Dorothy was probably three-years-old at the time and full of questions, comments and one-liners. Like most children, anytime they have to be in public and can not do what they want to do, they get restless. She asked repeatedly if we could go outside and play while we waited and only played briefly with my brother’s I-Phone before losing interest.

Not finding something in her immediate vicinity to keep her occupied, she got quiet and started to look around. 

Anyone who knows me, knows that I’m a people watcher. I love being at a busy mall food court and just watching the interesting waves of humanity that surrounds me. I believe young Dorothy is a lot like me in this manner.

There were some older couples sitting along the wall, one small family and one man dining by himself. It was this singular man that caught and held her attention. Because Dorothy and I seem to share this “people watching” gene, he grabbed mine as well. The others at our table went about their conversations, unaware of the situation unfolding around them.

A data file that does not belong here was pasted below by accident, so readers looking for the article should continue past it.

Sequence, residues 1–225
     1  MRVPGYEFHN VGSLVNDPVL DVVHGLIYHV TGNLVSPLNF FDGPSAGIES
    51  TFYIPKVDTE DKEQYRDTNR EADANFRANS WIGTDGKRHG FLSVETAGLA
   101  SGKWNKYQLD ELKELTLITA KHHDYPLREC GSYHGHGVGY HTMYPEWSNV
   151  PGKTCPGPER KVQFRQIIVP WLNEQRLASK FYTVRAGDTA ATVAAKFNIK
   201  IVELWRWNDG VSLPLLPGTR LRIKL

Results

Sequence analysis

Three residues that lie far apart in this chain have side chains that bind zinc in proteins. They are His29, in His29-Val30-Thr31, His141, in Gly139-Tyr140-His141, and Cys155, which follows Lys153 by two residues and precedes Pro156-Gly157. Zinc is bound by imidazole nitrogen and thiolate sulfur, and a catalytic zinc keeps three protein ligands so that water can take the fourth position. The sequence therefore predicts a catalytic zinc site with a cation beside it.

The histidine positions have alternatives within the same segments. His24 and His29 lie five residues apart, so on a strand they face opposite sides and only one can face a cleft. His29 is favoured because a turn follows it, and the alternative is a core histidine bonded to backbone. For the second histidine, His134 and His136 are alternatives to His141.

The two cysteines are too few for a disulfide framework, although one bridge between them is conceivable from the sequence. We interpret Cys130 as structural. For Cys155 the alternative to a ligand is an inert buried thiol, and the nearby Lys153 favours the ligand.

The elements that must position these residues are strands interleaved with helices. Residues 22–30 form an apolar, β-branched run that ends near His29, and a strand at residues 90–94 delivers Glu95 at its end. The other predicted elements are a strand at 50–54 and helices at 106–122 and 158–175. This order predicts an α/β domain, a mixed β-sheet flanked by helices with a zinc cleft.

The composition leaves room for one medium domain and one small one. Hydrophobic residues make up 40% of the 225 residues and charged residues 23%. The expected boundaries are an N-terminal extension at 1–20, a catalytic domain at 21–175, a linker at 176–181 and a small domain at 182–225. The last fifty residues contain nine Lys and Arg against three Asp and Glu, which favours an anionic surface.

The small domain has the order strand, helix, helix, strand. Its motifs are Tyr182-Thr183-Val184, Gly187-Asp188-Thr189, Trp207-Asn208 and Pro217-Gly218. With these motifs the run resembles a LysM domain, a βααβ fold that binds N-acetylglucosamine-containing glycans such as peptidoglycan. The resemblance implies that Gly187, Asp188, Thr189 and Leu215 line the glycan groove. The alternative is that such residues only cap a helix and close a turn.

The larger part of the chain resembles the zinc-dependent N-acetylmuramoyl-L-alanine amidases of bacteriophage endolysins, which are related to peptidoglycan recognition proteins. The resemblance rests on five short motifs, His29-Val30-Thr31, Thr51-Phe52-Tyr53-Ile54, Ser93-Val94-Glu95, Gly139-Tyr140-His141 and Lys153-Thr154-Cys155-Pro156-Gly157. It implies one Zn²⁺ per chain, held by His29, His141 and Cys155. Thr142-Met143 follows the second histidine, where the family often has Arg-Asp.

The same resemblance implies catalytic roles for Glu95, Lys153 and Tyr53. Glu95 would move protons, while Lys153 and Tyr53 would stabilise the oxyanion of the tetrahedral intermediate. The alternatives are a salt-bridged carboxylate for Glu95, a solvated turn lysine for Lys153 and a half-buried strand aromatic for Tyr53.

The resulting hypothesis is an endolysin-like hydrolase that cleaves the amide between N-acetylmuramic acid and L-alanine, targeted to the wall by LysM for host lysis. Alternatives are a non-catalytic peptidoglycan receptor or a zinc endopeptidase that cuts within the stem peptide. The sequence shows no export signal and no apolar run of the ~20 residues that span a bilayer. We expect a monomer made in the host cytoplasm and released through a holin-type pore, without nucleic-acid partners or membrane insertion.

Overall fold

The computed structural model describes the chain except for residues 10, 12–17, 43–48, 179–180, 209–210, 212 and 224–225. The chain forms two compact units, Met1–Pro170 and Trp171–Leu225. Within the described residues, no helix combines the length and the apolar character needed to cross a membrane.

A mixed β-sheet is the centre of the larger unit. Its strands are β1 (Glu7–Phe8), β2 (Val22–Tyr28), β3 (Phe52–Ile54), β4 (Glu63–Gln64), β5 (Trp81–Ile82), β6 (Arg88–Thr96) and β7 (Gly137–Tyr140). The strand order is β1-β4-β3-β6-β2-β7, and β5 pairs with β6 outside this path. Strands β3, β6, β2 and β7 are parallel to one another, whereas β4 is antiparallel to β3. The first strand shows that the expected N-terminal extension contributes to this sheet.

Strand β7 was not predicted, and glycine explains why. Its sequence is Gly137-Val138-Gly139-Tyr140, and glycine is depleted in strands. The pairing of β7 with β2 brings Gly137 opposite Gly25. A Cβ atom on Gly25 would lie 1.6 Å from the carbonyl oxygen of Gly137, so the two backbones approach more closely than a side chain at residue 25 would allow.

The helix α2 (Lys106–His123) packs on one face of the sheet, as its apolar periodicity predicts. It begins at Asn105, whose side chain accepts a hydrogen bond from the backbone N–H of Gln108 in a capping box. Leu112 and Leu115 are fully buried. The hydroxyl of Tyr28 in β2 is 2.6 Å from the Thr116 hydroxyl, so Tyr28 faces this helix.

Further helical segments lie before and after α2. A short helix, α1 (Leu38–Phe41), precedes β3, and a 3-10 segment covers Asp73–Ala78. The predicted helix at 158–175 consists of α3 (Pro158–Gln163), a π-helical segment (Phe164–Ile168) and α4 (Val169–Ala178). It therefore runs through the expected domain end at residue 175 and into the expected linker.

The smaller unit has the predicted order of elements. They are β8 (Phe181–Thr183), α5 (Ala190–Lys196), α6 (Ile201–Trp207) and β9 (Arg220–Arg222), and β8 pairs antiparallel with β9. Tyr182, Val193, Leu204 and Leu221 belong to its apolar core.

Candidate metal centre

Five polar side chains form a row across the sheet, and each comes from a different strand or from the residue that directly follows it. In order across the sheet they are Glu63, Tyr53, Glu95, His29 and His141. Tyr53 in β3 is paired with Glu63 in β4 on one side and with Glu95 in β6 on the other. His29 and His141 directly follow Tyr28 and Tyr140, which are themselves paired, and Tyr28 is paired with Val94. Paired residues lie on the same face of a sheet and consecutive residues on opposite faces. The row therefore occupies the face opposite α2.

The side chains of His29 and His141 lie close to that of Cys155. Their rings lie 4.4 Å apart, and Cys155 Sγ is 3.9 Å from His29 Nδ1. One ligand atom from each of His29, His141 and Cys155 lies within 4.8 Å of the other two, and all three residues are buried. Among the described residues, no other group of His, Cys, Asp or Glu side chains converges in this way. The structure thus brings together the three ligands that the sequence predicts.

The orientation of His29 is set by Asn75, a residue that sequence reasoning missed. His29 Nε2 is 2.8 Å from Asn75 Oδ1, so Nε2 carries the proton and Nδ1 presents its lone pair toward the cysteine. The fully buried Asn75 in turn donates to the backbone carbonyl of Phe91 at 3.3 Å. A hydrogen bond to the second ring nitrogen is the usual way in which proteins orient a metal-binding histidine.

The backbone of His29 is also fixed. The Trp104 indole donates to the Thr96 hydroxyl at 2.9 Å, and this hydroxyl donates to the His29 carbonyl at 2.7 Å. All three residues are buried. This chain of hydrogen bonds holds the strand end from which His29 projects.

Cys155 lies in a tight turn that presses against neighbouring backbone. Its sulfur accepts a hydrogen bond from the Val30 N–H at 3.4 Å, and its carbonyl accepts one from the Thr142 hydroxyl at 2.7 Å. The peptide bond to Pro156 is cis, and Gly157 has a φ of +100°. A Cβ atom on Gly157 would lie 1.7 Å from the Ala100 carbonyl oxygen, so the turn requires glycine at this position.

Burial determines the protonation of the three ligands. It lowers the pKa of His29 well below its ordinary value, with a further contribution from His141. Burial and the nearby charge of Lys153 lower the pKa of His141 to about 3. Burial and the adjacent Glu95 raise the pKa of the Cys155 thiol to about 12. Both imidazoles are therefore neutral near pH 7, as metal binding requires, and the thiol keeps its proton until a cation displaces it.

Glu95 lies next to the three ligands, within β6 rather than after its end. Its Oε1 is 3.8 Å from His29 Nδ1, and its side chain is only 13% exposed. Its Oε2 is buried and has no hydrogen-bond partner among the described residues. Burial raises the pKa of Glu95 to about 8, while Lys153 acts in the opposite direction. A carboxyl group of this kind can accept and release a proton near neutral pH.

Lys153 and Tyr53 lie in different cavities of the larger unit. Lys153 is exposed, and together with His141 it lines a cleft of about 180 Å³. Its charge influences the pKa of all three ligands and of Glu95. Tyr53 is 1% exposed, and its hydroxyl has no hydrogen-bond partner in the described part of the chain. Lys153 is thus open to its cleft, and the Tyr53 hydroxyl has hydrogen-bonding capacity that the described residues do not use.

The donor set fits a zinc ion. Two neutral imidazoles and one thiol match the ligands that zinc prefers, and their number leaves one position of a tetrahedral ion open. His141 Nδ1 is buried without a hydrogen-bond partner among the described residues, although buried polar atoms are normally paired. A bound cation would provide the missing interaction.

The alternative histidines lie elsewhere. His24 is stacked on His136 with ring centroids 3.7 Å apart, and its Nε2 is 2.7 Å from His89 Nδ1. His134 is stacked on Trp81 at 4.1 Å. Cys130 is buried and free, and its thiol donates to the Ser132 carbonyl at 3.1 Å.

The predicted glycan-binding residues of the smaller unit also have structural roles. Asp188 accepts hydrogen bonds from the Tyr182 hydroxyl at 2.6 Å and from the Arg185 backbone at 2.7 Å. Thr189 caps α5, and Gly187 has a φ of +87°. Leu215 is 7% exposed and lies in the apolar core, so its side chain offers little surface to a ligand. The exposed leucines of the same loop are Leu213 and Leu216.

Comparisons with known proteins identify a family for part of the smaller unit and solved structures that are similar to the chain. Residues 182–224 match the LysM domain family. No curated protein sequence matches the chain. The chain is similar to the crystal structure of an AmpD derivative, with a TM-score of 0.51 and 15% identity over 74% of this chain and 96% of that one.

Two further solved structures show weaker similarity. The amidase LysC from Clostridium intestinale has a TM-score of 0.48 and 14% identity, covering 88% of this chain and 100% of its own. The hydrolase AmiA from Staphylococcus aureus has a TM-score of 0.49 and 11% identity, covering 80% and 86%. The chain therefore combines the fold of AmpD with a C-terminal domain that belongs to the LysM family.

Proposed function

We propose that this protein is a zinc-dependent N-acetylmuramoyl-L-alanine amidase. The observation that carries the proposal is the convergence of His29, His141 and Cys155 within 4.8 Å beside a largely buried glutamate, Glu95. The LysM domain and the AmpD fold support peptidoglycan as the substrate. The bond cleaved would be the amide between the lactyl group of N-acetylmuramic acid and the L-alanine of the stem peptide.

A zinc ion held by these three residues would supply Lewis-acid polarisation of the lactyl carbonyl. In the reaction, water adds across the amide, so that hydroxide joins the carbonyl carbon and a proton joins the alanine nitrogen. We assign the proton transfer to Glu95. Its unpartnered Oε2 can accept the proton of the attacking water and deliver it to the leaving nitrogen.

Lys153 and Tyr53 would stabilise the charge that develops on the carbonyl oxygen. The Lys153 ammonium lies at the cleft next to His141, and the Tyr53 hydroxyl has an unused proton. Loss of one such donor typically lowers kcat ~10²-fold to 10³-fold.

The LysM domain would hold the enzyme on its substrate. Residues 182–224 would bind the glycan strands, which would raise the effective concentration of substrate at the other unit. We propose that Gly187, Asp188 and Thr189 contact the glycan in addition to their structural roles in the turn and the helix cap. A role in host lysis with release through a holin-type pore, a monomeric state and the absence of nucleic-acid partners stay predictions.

He was hunched over his table facing in our direction, cradling a steaming cup of coffee. He looked like he was probably in his sixties, had a red bandana over his head and wisps of grayed hair fluttering around the edges of it. He didn’t have a beard, but you could tell he had not shaved in days. He wore a camouflaged military jacket that had sleeves going just past his elbows exposing his forearms. On the exposed skin were looking tattoos of snakes, skulls and other scary imagery. His most notable feature was a black patch over his right eye. 

As he stared blankly at the table in front of him, eyes never leaving the steam rising from the bland coffee, his lips flared in an eternal snarl, I wondered what events in his life had brought him here. His face was a map of deep set wrinkles, leaving me to believe he had had a hard life and had seen many bad things. His hard expression simmered with hate, loathing and everything in between.

Everything about this man said “Leave Me Alone.” 

Dorothy did not sense the abhorrence of mankind coming from this solitary man that I did. Her eyes studied him for several minutes as she sat on her knees in the chair, facing in his direction. She wasn’t bothering anyone. No one paid her any attention. She was just looking around. The old man had not looked up from his coffee. He was seemingly unaware of her interest.

Then it happened.

She sat up straighter in her chair. She was ready to reveal the thought that had been forming in her young, innocent mind. 

She grabbed her daddy’s–my brother’s–sleeve to get his attention.

He turned to face her. “What is it, sweetie?”

She gave him the most beatific smile, pointed at the old man, and said in an innocuous, happy voice loud enough for everyone in a five-mile radius to hear, “Look daddy! It’s a pirate!”